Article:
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The Cross and the Angels

As we come this week to celebrate afresh, in a focused way, the death and resurrection of Jesus, it will benefit us to consider the way in which the Savior's death effected much more than simply the forgiveness of our sins. Though that is certainly foremost among the benefits that we received from the Lord Jesus Christ, the cross brings about a cosmic reconciliation of things in heaven and things on earth.

When the Apostle Paul enumerated the manifold benefits of Christ and the work of redemption in Ephesians 1, he brought things to an ecstatic crescendo, when he explained that God's "plan for the fullness of time" is "to unite all things in Christ, things in heaven and things on earth" (Eph. 1:10). This is the great goal of all the work that Jesus accomplished at the cross. The Son of God became man in order to shed his blood under the wrath of God so that he might redeem a people for himself out of every tongue, tribe, nation and language (Rev. 5:9; 7:9). Even more than that, however, Christ died and rose and lives again so that he might reconcile things in heaven and on earth, in himself. Without doubt, the Scriptures are clear that "all things in heaven and on earth" excludes the host of fallen angels and the unbelieving scores of mankind. So what then is to be reconciled in heaven and on earth? Simply put, that which the Apostle has in view in his statement is unfallen Angels and the redeemed from among mankind. By his death, Jesus not only reconciles men to God (2 Cor. 5:18) and men to one another (Eph. 2:14)--he reconciles men to the unfallen angels (Eph. 1:10).

Scripture unequivocally teaches us that Jesus did not come to save fallen angels (Heb. 2:16). The fallen angels each fell on his own and will be judged and condemned without the prospect of salvation. Elect Angels stand because they are elect. They did not fall with those who rebelled against God. By way of contrast, mankind fell in Adam as our representative head. The entirety of humanity fell in Adam and are condemned in Adam. God chose this as the structure of man's relationship to Him since His eternal plan was to redeem a people out of the fallen mass of humanity by the last Adam, a new representative--the God-Man, Jesus Christ.

John Calvin wrote:

"Does not God love angels and men?...The Son is beloved by the Father, not so as to make other creatures the objects of his hatred, but so that he communicates to them what belongs to himself. There is a difference, no doubt, between our condition and that of the angels; for they never were alienated from God, and therefore needed not that he should reconcile them; while we are enemies on account of sin, till Christ procure for us his favor. Still, it is a fixed principle that God is gracious to both, only so far as he embraces us in Christ; for even the angels would not be firmly united to God if Christ were not their Head. It may also be observed that, since the Father here speaks of himself as different from the Son, there is a distinction of persons; for they are one in essence and alike in glory."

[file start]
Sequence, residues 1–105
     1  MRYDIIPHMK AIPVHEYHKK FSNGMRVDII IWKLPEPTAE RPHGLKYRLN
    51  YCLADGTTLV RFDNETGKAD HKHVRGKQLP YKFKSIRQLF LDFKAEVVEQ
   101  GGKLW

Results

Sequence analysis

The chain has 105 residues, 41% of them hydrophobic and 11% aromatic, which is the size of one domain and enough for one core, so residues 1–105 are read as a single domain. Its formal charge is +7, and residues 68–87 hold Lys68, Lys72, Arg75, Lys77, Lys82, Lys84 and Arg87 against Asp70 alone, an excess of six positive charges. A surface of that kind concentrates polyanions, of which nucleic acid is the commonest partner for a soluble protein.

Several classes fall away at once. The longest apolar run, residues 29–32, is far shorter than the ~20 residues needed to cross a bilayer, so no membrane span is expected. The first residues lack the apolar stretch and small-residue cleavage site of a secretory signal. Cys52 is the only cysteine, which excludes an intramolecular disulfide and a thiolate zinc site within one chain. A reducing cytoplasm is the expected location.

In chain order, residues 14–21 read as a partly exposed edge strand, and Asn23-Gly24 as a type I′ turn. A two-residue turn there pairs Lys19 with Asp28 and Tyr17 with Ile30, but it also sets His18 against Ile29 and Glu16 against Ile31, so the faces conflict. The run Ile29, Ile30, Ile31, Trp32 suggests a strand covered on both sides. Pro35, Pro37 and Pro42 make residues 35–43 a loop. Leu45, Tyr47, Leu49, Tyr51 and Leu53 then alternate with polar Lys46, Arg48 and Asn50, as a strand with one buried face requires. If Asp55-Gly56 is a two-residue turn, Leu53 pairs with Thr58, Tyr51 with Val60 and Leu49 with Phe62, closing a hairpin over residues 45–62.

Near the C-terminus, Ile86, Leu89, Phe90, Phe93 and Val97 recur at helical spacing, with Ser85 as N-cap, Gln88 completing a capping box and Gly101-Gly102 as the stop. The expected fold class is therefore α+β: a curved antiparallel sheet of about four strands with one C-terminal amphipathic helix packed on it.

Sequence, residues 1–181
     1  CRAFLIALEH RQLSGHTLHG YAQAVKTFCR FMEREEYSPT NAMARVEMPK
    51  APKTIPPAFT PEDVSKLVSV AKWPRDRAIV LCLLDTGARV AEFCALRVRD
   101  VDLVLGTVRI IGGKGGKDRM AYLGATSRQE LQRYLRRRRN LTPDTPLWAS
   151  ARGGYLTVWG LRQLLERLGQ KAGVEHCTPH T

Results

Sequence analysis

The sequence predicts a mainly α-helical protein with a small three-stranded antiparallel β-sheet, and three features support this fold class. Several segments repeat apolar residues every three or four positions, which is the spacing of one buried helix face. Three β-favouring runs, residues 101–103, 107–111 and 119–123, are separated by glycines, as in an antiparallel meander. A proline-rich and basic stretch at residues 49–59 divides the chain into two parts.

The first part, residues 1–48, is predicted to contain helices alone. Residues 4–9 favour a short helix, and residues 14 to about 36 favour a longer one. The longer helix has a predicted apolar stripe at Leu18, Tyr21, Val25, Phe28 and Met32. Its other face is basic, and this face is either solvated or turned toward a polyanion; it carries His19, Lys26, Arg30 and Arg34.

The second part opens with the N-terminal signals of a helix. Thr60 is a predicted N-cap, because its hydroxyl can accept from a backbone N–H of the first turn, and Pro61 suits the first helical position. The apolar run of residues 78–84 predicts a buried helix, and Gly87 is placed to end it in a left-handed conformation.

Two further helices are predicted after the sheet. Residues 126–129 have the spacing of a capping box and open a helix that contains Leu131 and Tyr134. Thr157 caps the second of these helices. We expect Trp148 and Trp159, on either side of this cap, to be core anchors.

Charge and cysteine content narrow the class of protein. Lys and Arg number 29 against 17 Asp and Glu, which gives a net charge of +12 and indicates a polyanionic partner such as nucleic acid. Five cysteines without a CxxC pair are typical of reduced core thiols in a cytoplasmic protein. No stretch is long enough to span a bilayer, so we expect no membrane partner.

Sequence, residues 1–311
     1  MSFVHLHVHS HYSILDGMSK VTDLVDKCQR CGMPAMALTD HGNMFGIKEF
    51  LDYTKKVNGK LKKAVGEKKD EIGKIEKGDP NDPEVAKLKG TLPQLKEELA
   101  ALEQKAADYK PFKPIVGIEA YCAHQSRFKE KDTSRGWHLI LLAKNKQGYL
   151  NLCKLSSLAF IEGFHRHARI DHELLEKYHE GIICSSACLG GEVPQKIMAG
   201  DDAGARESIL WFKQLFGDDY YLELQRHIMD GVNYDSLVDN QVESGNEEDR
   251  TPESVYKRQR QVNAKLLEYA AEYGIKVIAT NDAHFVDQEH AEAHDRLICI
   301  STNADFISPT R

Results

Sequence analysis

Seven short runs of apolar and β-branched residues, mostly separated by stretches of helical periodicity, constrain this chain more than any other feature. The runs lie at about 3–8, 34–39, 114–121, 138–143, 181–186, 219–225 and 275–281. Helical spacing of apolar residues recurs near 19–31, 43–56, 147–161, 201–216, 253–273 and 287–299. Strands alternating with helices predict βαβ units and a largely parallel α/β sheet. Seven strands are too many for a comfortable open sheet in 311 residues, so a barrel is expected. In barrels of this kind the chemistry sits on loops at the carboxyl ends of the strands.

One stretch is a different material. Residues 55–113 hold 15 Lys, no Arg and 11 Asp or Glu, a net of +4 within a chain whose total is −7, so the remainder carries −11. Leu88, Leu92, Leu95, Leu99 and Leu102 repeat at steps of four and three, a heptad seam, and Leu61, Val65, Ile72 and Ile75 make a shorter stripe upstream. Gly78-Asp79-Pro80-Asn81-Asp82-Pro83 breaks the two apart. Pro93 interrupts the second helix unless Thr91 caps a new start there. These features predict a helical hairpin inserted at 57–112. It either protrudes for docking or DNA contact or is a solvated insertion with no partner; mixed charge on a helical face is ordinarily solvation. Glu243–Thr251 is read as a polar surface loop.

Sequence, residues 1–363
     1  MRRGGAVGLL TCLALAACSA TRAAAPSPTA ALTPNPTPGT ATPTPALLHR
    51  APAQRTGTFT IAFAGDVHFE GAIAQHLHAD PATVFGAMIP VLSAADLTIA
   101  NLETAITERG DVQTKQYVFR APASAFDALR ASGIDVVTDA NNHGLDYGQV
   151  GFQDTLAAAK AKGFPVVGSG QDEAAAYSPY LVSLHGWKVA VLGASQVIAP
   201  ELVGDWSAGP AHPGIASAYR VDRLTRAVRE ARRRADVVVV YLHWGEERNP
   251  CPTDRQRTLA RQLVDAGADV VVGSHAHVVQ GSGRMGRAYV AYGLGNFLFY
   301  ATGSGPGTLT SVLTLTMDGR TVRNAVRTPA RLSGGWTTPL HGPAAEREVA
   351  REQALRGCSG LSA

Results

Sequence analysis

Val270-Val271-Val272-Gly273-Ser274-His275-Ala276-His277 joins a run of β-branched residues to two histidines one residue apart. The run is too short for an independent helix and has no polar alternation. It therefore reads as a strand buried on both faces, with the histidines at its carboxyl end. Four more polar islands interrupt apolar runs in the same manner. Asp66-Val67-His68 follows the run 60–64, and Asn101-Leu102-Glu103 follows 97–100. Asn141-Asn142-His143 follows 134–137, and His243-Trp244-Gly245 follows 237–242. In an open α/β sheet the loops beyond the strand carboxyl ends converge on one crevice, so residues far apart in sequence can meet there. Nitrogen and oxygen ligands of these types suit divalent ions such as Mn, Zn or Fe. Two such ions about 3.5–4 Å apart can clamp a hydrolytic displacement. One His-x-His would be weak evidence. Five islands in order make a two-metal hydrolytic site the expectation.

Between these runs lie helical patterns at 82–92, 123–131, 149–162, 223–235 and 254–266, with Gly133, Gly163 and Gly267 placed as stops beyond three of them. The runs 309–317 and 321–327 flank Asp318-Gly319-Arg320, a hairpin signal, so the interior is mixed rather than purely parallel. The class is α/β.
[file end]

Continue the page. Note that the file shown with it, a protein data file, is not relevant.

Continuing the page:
The assertion, "Even the angels would not be firmly united to God if Christ were not their Head..." is striking and one with which many would have initial reservation accepting. Is Christ truly the head of the Angels?

James Henley Thornwell noted something similar, when he said:

"In his public character as the representative of men and unfallen angels [Christ’s] mission upon earth was the redeem the seed of Abraham and confirm the angels that kept their first estate. His work was much more extensive than that of Adam. The benefits of Adam’s obedience we have no reason to believe would have transcended his own race; those of Christ’s were to extend to principalities and powers, to angels and archangels, cherubim and seraphim.”

There certainly seems to be a logical sense to what Calvin and Thornwell are suggesting. Jesus is the LORD of hosts. He is the Captain of the army of angels in Heaven. As such, he represents that majestically holy company of his creatures that are mightier in power and glory than mankind. The purpose of the Savior in coming to die for His people was to bring them to glory and usher in a New Heavens and New Earth in which righteousness dwells. Therefore, the end goal of the work of redemption brought by Jesus at Calvary was to bring all of his creation together again in holy united and glory. Christ's death on the cross, therefore, secured the unfallen angels in holiness and brought about the redemption of sinners unto holiness. Jesus' death will ultimately result in the reconciliation of angels and men in glory.

The 19th Century Scottish commentator, James Eadie, explained:

"The one Reconciler is the head of these vast dominions, and in Him meet and merge the discordant elements which sin had introduced. The breach is healed. Gabriel embraces Adam, and both enjoy a vicinity to God, which but for the reconciliation of the cross would never have been vouchsafed to either...Thus all things in heaven and earth feel the effect of man's renovation.”

So this week, as we listen to and meditate on sermons about the Son of God nailed to the tree, falling under the wrath of God for the sins of His people, let's remember the grand and glorious consummate fruit of his death. Christ's died to bring the whole host of the redeemed to glory to dwell in the presence of the whole host of the unfallen angels--where "Gabriel embraces Adam."

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